Another criticism that has been raised about Welch’s leadership style is his focus on results. As mentioned earlier, Welch espoused the value that results must be achieved with integrity. Some critics would argue though that the enacted value was the opposite. People feared losing their jobs, so the adopted a Machiavellian philosophy. The ends would justify the means. Walker (2001) points out that many critics would point to pollution of the Hudson River as evidence of this. Nevertheless, he continues that GE did avoid massive scandals while Welch was at the Helm.

Walker does offer up one more criticism, so to speak, of Welch. Walker (2001) questions whether the success that GE attained with Welch was the product of Welch or the product of just being a strong company. He points out that GE had been considered a strong company for many decades already. The CEO that Welch took over for, Reg Jones, had also been revered in management circles. Walker (2001) suggests that Welch was just continuing the tradition of this strong company. He describes Welch as being a good or even great CEO, but suggests that Welch’s reputation is largely overvalued. Welch supporters would probably counter with the answer that he helped revolutionize GE before any true problems surfaced.

Will the Philosophy Lead Companies to Success

Jack Welch’s leadership led GE to great success during the recovering economy of the 1980’s and continued through the 1990’s. Can leaders that employ his tactics expect to achieve the same results? The simple answer would be maybe.

Fiedler (1972) describes effective leadership as being the right leadership at that point in time. He goes on to discuss that sometimes previous success in not a good indicator of future success. The most effective leader is one that has the proper traits for the current situation. The exact same traits may prove to be inadequate for leadership in another situation. A great example of this would be Al Dunlap. Kellerman (2004) writes that Dunlap enjoyed a great amount of financial success at Scott Paper thanks to his strategy of laying off massive amounts of workers. When he was hired at Sunbeam as CEO, he attempted to follow the same strategy, but failed miserably. His traits served him well in one situation, but those same traits were responsible for his inability to turn around Sunbeam.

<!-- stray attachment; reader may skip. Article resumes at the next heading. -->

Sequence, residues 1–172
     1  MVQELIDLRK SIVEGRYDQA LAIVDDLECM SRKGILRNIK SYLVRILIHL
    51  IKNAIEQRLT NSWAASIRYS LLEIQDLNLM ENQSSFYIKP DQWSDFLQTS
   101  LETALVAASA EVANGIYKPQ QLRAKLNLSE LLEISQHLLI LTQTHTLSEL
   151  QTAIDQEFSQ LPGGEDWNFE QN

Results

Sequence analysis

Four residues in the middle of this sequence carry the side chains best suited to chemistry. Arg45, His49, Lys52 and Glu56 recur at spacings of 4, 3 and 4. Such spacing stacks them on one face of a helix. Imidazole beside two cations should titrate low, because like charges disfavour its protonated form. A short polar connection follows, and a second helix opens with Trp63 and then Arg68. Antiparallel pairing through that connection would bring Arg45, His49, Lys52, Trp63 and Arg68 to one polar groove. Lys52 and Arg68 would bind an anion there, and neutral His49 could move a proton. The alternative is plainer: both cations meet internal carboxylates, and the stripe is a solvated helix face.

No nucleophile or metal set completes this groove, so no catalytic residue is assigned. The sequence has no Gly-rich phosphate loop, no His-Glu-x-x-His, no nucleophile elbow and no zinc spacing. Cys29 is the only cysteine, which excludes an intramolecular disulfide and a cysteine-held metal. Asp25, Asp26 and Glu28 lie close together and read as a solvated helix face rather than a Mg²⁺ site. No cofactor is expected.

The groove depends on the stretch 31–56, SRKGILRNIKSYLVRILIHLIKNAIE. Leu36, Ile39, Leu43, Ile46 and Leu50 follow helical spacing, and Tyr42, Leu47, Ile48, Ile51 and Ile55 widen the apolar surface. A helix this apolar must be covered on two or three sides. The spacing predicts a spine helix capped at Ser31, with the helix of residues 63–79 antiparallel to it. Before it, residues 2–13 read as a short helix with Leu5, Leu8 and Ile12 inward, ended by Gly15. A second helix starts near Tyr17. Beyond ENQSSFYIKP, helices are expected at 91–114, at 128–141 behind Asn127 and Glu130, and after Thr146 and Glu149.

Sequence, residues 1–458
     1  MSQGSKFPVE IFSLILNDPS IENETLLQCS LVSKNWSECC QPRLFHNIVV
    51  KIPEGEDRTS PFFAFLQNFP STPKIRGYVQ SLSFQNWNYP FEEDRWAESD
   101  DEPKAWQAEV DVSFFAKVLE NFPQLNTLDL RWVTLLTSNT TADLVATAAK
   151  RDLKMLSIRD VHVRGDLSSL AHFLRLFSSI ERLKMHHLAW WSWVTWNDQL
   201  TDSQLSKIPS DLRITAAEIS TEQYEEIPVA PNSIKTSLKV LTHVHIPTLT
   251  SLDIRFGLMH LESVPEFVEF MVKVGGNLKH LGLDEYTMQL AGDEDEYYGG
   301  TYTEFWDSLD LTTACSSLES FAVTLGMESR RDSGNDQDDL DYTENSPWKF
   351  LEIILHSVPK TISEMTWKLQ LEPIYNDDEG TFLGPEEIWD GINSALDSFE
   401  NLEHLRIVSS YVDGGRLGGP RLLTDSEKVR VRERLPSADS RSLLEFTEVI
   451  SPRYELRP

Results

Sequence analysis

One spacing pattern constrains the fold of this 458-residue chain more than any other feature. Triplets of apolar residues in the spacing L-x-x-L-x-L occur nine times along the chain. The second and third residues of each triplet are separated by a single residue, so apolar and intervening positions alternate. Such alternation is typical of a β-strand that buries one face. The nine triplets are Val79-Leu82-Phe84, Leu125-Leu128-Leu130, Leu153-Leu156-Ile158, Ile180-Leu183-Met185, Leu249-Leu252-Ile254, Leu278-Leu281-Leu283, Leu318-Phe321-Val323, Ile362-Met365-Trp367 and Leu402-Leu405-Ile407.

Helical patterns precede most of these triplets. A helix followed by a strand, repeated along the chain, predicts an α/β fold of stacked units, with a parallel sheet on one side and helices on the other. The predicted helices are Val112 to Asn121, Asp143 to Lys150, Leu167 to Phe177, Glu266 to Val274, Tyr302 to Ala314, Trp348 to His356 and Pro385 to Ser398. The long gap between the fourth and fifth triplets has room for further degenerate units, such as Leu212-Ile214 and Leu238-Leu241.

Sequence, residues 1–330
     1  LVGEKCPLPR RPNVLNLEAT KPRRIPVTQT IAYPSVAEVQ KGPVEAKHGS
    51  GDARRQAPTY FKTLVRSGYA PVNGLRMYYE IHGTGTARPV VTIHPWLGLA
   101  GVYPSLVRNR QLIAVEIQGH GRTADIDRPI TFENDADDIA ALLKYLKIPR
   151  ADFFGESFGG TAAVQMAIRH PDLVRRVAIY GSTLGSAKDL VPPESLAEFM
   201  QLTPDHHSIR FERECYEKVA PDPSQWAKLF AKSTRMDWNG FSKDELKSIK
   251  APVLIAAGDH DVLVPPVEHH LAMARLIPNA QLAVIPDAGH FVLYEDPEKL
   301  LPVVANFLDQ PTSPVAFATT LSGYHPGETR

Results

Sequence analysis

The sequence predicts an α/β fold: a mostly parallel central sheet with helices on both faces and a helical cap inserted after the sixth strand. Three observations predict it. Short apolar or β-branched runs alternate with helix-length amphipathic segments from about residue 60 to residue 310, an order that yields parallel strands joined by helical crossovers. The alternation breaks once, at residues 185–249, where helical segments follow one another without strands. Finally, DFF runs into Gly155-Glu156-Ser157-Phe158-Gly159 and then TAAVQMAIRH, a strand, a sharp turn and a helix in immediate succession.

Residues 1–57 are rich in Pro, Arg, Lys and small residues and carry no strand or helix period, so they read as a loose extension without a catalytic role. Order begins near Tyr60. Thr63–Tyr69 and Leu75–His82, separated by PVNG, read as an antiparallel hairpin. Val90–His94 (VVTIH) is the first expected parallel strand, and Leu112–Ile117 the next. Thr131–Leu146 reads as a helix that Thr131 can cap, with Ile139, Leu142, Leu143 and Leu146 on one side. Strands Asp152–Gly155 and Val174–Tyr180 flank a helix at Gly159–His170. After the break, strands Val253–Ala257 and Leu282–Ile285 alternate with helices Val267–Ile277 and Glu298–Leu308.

Welch’s leadership philosophy may be the right philosophy for some organizations to strengthen themselves. On the other hand, they may be setting themselves up for failure. If a business leader chooses to enact the tactics, then there are a few things that will more than likely increase the chances of success.

First, the minds of many people will have to be changed. Implementing a boundaryless organization often is in stark contrast to the culture of many corporations. Many companies focus on the chain of command, and some ideas are not listened to if they did not originate at the top. In order to open up the flow of ideas throughout the company, middle management and supervisors will have to buy into the system.

In order to effectively change people’s minds, reasoning will have to be utilized. Communication is key and the entire organization needs to understand why the changes are taking place. This can occur by the leader sharing a vision for a boundaryless organization that will exceed profitability expectations while remaining scandal free. The reasons for the vision should be communicated to ensure that the entire organization understands.